Marseille

I awoke this morning, bid farewell to Ali and the Finnish boys, and headed to the station to catch my train to Marseille, France.  I didn’t know what to expect in Marseille.  I had heard that the Mediterranean Coast of France is beautiful, but Marseille has a reputation for being gritty and tough.  When I got off the train at the Marseille station, one thing I knew for sure right away was that this was no Paris.  It didn’t have the same pleasant feeling.

I had called ahead for a bed at La Cigla et la Fourmi youth hostel, and I had to take the Metro and switch to a bus to get there.  When I went to buy a Metro pass, however, the agent denied having change for a €50 bill, even though I was buying a €10 pass.  I asked around for change but had no luck.  Finally, I trekked back to the platform where I had arrived and tried to buy something at the newspaper stand.  The vendor there also claimed not to have change.  Exasperated, I walked into a nearby pharmacy.  There the male attendant was quick to inform me that they didn’t give change.  I’ll buy something, I told him tersely.  I bought a bottle of contact lens solution, and I got my change.

I was on the bus to Robespeare, my stop, when four men suddenly boarded the bus.  They quickly dispersed amongst the passengers, barking orders in French.  I watched the two women sitting across from me pull out some ID cards and hand them to a man.  He had a portable device with him in which he swiped the cards.  The machine emitted two beeps for each card, and the man handed them back to the women.  I observed the exchange in puzzlement, not sure what they were doing.  Then the man approached me and extended his hand.  I fished in my pocket and gave him my Metro pass.  Is this what he wanted?  He stared at the card for a few seconds (during which time I wondered if he wanted my license or passport instead), then swiped it in his machine.  I sat back, relieved. The machine emitted only one beep though.  He swiped the card again.  Again only one beep. He turned the pass around and swiped again.  I thought I heard two beeps this time, but the man didn’t seem satisfied. Nevertheless, he handed the pass back to me and joined the rest of his crew.  I realized then that I had just experienced a raid by the transit authority.  These men were going around making sure the passengers had valid passes and weren’t trying to get free rides.  It was my first raid, and it wouldn’t be my last.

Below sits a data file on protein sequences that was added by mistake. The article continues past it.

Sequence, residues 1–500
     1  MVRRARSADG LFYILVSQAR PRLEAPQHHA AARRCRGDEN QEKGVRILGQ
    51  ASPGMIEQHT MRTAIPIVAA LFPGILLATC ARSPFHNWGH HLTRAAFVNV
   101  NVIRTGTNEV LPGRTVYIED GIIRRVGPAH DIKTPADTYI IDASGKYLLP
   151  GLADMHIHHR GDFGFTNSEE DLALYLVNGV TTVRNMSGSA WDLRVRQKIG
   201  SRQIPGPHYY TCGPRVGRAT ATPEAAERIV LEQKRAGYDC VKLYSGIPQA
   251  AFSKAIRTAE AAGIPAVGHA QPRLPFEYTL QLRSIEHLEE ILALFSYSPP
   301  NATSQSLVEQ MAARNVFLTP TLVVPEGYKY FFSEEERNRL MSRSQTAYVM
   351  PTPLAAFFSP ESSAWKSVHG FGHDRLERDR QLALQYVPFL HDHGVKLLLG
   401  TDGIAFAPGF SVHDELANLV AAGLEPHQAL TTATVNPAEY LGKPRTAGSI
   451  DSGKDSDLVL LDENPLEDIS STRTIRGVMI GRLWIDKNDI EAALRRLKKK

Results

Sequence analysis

I approached the bus driver and after greeting him asked about my stop.  The driver was maneuvering the bus around an extremely narrow turn, edging around oncoming vehicles, when he finally understood what I was saying.  “Robespeare!” he exclaimed.  He brought the bus to a stop and jerked his thumb back.  “Robespeare back!”  I guessed I had missed my stop.  The driver popped the doors open in the middle of the road and looked at me expectantly.  I got the message.  I grabbed my backpack and jumped off the bus.

Marseille has a dry, heavy heat.  I felt like I was roasting as I plodded my way in the direction the bus had come.  I wasn’t even certain how far back the stop was, and I dreaded having to walk far under the merciless midday sun.  Luckily, the second stop turned out to be Robespeare.  I wasn’t sure where to go from there though.  Walking around a corner I came across a restaurant.  I asked a man there for directions, and he was kind enough to lead me down a nondescript back road to La Cigla et la Fourmi, the weirdest place I have yet visited.

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